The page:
Parents of newborns regularly rely on each other for support. How do I navigate sleepless nights? What is the most compact stroller? Is that rash normal? Do we really not talk about Bruno? But in the last several months a new question has popped up locally and across the country, what if I can’t find my baby’s formula?
While juggling a global pandemic, daycare closures, and inflation, many parents are facing the additional stress of a formula shortage driven by both concerning product recalls and supply chain disruptions. A review of formula supplies at more than 11,000 stores indicated nearly 30% of popular formula brands are sold out, and that number soars to well above 50% in some major cities.
Sarah Long, Clinical Director of The Milk Bank, empathizes, “The long-term strategy is to continue to advance breastfeeding as a primary pillar of infant health; however, we must also provide immediate relief for struggling families who may need support in accessing a safe feeding option for their infants.”
Donor milk may help you bridge a gap
The Milk Bank dispenses over 80% of safe, donor milk to NICUs & hospitals, donor milk is also available to dispense for babies at home.
- The Milk Bank can provide up to 40oz of bridge milk without a prescription. This is ideal for short term needs such as at discharge, transitioning to work, or, in this case, a bridge to finding a new formula. Milk can be shipped directly or picked up at more than a dozen convenient locations. Most families can receive milk in 24 hours or less.
- The Milk Bank can also provide safe, donor milk on a longer term, outpatient basis with a prescription. This is ideal for infants with a medical need.
- No matter how much milk you access, for families with a medical need, The Milk Bank also offers a sliding-scale Medical Relief Fund – because finances should not dictate a baby’s health outcomes. Call and talk to our friendly staff at 317-536-1670.
Parents looking to begin their breastfeeding journey – find support!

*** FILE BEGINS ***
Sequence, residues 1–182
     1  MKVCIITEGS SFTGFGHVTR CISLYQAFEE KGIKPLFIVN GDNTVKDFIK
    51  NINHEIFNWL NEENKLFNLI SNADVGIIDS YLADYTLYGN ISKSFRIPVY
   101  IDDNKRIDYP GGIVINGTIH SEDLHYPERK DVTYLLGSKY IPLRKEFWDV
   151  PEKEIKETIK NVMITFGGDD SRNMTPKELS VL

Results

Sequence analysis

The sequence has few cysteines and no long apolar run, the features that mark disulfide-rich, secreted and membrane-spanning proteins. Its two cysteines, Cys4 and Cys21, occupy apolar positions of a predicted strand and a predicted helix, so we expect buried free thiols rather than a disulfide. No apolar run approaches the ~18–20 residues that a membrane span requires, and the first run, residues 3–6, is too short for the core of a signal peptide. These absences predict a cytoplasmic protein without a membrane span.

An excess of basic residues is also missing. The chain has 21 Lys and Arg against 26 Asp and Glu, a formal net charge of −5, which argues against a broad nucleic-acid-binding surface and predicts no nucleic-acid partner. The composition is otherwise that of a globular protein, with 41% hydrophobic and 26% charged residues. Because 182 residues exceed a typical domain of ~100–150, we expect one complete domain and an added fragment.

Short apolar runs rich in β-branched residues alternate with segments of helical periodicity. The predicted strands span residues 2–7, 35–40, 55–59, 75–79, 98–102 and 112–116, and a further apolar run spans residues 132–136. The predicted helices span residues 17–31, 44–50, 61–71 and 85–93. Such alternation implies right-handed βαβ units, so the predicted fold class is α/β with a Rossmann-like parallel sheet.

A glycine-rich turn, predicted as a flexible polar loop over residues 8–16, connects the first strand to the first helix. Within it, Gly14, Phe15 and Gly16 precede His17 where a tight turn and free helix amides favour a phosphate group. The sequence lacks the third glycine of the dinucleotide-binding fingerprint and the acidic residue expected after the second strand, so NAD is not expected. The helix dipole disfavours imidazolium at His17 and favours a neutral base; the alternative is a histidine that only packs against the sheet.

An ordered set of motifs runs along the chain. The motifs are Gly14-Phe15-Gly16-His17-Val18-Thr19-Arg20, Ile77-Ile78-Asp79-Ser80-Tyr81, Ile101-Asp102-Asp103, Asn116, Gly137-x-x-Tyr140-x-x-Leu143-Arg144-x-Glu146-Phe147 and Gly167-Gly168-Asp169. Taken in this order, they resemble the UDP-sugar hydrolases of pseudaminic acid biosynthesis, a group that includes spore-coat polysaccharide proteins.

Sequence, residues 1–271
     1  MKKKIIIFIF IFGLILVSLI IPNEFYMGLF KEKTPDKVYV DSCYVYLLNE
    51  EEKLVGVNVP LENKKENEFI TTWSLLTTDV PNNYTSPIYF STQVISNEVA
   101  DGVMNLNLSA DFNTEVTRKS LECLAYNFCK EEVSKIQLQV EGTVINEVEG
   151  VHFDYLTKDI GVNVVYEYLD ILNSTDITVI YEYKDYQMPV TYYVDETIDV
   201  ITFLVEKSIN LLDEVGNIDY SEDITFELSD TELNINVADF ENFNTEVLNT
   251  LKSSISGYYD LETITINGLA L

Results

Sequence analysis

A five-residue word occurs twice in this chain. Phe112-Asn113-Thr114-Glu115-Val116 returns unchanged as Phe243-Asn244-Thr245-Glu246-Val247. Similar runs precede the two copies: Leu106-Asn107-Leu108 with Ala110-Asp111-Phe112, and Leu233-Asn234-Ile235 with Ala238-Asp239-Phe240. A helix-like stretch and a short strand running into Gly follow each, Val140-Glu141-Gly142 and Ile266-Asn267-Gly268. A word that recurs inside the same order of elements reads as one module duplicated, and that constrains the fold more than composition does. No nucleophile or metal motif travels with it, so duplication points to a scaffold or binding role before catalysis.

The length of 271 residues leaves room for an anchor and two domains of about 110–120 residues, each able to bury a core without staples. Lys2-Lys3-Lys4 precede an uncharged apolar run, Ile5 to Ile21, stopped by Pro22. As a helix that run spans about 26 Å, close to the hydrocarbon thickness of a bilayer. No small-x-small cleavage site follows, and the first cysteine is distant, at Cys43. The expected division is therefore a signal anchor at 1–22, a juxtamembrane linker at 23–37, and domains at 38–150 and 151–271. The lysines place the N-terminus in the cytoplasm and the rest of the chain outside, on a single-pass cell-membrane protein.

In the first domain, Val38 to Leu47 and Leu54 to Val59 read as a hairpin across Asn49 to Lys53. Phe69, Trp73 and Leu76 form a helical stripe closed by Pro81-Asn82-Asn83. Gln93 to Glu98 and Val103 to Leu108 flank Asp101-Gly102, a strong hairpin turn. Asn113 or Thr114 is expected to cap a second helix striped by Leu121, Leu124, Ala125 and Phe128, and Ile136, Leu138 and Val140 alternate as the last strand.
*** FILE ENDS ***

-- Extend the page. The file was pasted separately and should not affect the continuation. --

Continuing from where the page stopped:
The Milk Bank provides free lactation support including consultations with one of our certified lactation professionals or we can help connect you to a professional in your area.
As an IBCLC, Long knows the many benefits of breastfeeding, but she also knows the noise moms must combat to receive accurate information and convenient support. “We must continue to meet all moms at their moment of need and empower them to reach their own breastfeeding goals – whatever those may be. Helping fragile babies is what we do at The Milk Bank.”
Turn to your health care provider to help you navigate the formula shortage
The American Academy of Pediatrics, has offered guidance in its latest “Ask A Pediatrician” feature.
Families are always urged to speak with their provider before making any healthcare decisions – so reach out to your own health care provider as well! They may also be able to help safely navigate the formula shortage. A couple questions to ask:
- Should we consider switching formula types or brands? If so, what do you recommend?
- Are you aware of any safe online or mail order options? (The FDA cautions against purchasing infant formula from unknown or unreliable sources that may lead to counterfeit formulas that have been diverted from normal distribution channels and potentially relabeled.)
Bonnie Logsdon, RD and IBCLC of Bonnie Knows Breast in Louisville, KY, “This formula shortage is a nationwide crisis. Families are worried and becoming desperate.” Bonnie shared a helpful reminder that, “if your child is over the age of one, please consider NOT continuing to purchase formula as that age no longer needs it.”
Stay safe & look for your helpers
Long reminds families to stay safe during this stressful time. “There are some serious safety threats to avoid. The FDA and other medical groups discourage families from diluting formula or creating homemade recipes for formula. Both situations could lead to reduced calories or critical nutrients vital to infant health, growth, and development.
Additionally, families should be aware of risks associated with informal milk sharing, and reach out to their pediatrician or provider in advance of making any alternative nutrition decisions for their infants.”
Once you have connected with local community resources and checked in with your pediatrician, lean on your mom-squad. In times of crisis, parents come together to help one another out. Tell your friends what to be on the lookout for when they’re out shopping.
In Indiana, The City Moms reported that,” once CityMoms heard of other mamas facing shortages, they instantly sprung into action, going so far as to hunt down specific brands at stores. This is the time to put your moms’ groups, friends, and family on alert – what might be a shortage in your area may be plentiful in another – so don’t be afraid to ask others to keep an eye out.”
We know you want the best for your child – and so do we – so please do not hesitate to contact us with any questions!